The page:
On Sunday afternoon, Addison Russell reminded everybody -- including himself -- who he is.
The Athletics' top prospect -- who'd been struggling at the plate -- homered and doubled twice to lead Class A Advanced Stockton to a 5-0 victory over Lake Elsinore.
"When things are going the wrong way, it's because I'm trying be someone I'm not, trying to take too big a swing," Russell said.
His 3-for-4 performance was the third multiple-hit effort in his last four games as he's lifted his batting average from .171 on Monday to .206 at week's end. Russell was drafted by the A's with the 11th overall pick last year, and with only a half-season of pro ball under his belt, the 19-year-old shortstop was assigned to the California League to start this year.
His recent success is not the result of some new trick or lucky talisman.
"No, it's just trying to be myself," said Russell, who also stole a base. "I believe in myself and I know I'm capable of getting the job done. I'm not batting what I'm used to batting, so that's been something for me to deal with. But I'm starting to get back to basics, just believing in myself.
"I know I don't have a bad swing. It's just mental, trying to do too much. I just have to stay within myself and get the job done. I try not to pay attention to the numbers or the stats right now."
Russell admitted, however, that the tough start to the season has occasionally evoked ugly thoughts, like the possibility of a demotion to Class A Beloit.
"That's kind of in the back of the head, you know? And that would be a setback," he said. "But this is a good organization. They're going to find the best spot for you. They make the right calls and the right decisions. It's going to be in every player's mind, but you kind of have to ignore it -- just play your game."
His game certainly was good enough for the Cal League on Sunday. Russell followed Bobby Crocker's leadoff single in the first inning by reaching on a fielder's choice. By the time Max Muncy had popped up for the second out, Russell noticed an opportunity to get into scoring position and seized it with his fourth steal in five tries.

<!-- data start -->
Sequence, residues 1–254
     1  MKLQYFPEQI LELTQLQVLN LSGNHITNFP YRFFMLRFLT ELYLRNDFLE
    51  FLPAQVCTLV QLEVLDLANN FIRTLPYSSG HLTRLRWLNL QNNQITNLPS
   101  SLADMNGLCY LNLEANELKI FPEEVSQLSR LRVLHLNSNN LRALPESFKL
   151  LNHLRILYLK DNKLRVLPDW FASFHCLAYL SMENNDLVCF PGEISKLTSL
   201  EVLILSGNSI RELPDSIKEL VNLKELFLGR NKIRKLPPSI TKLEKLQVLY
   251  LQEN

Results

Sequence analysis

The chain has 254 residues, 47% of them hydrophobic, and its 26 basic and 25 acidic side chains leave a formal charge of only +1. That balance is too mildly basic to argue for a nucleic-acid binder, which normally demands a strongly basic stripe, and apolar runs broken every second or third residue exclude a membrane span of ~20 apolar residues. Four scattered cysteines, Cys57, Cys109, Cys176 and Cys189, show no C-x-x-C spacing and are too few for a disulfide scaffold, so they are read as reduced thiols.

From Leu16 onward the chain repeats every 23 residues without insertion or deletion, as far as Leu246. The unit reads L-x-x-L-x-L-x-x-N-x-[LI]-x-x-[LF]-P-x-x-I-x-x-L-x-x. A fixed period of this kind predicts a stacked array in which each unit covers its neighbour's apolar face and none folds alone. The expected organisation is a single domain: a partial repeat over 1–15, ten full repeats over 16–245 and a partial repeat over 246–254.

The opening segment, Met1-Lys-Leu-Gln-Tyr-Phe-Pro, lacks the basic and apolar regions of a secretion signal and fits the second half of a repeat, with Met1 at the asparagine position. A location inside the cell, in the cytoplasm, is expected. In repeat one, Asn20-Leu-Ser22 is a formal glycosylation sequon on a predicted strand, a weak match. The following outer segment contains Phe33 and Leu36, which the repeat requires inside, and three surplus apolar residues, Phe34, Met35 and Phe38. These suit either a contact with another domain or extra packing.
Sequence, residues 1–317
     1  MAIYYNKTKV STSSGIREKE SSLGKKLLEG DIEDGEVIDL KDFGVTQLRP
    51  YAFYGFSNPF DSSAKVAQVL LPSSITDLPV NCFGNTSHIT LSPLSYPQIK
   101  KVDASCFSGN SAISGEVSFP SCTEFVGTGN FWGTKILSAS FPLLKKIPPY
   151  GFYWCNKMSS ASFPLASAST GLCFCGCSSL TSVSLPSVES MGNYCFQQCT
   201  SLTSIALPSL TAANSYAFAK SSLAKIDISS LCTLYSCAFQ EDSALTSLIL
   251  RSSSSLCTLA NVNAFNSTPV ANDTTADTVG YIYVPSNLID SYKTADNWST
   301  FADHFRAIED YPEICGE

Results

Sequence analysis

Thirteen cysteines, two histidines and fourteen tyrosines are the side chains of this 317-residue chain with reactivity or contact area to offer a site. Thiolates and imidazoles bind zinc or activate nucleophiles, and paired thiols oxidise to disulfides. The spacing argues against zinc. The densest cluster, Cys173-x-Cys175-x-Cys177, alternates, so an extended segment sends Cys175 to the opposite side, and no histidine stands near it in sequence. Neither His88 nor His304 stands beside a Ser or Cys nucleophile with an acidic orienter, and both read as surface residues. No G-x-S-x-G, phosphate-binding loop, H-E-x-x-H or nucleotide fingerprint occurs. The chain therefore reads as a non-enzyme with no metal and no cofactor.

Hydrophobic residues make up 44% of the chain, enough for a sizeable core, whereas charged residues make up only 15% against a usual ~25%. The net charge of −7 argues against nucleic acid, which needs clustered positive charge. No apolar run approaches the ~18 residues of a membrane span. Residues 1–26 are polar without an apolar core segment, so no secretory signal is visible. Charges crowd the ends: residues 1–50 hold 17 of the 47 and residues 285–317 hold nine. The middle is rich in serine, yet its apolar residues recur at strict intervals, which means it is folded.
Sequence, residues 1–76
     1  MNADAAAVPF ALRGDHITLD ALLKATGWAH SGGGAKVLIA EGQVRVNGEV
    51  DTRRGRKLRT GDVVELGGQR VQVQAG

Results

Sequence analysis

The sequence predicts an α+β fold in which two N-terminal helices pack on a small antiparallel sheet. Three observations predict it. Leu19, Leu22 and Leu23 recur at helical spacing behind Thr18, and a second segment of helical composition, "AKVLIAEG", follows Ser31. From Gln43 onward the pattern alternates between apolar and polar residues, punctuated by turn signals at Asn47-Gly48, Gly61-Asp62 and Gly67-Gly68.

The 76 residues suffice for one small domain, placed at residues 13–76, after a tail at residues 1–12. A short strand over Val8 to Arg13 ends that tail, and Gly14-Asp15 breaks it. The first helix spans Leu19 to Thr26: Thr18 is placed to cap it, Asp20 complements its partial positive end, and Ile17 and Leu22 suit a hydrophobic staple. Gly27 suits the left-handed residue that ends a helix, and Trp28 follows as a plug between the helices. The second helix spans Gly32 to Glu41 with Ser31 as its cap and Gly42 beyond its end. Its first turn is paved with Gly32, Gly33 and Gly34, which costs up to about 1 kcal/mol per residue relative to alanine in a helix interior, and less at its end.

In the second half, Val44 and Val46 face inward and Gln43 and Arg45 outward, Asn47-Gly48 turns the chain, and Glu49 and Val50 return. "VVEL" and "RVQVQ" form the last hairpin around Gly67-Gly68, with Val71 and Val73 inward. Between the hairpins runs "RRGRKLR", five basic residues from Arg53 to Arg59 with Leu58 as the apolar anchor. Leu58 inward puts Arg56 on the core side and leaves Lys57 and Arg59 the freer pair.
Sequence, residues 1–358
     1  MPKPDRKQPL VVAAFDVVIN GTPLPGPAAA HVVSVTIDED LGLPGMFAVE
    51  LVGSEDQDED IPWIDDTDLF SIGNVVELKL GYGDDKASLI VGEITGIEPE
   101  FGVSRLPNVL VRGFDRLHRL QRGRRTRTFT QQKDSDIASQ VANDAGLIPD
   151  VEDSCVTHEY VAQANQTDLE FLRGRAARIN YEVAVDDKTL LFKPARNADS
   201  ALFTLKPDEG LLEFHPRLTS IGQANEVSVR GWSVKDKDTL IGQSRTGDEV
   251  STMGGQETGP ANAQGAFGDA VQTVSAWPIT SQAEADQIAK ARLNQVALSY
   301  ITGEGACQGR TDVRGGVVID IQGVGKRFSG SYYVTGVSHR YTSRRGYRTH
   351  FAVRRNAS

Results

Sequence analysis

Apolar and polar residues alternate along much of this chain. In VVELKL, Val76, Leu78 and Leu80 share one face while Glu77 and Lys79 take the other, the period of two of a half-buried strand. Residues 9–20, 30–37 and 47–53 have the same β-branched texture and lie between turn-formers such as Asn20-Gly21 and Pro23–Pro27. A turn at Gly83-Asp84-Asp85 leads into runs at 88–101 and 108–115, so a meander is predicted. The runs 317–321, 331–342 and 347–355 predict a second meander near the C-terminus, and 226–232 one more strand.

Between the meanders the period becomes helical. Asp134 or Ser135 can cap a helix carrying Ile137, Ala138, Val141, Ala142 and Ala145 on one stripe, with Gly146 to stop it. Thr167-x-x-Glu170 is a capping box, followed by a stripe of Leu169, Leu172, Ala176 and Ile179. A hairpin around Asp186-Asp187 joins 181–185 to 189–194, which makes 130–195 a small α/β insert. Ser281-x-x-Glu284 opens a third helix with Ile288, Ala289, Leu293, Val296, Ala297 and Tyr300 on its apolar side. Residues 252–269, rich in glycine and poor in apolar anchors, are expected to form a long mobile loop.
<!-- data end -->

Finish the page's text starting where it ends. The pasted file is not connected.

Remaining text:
"I thought I had a pretty good shot. He seemed to be taking awhile to get to the plate," Russell said. "And when he kicked over, I saw that he had a tick that he was doing every time, so I thought I knew when he was going to come over."
Russell was stranded that inning, but he guaranteed himself a trip across the plate in the third by knocking a first-pitch fastball over the center-field fence for his fifth homer of the season and fourth in nine games.
"I was just trying not to do too much, just give back what the pitcher was giving me," he said. "That was a fastball, high and outside, and I went with it."
The Florida native stuck with what worked in his at-bats in the fifth and seventh, both of which ended with doubles.
"That was the same thing," he said. "I was staying within myself, staying back on the pitches and letting my hands do the work."
During the offseason, Russell told MiLB.com that he intended to focus on learning from coaches and more experienced players this year. That's remained an important part of his daily game plan, and it's been working for him.
"I think that, mentally, I'm getting better. My skill sets are getting better," he explained. "I try to learn something new every day and stay with my approach. Good things will happen. There will be bad days, but good things are going to happen.
"On the defense side, it's always been a natural thing for me. But, again, there's always stuff to work on. I'm working on improving in between plays, backhand, forehand. ... I'm trying to improve my game all-around, especially on the defense side. I don't think I've reached my full potential at short. There's always something you can achieve, always something you can learn from looking at somebody else."
With the cool start seemingly behind him, Russell feels he has something to prove -- that he is the player he knows himself to be.
"I want to perform with these guys and show them I can perform like I know I can," he said. "If I can do that, they'll see that I deserve to be in this league."
Russell's big hits, along with homers from Myrio Richard and Tony Thompson, provided more than enough support for Stockton. Starter Deyvi Jiminez allowed three hits and struck out five over four innings and T.J. Waltz (4-0) yielded one hit over three frames for the win.
For Lake Elsinore, Padres No. 9 prospect Cory Spangenberg singled, walked and recorded his 14th stolen base.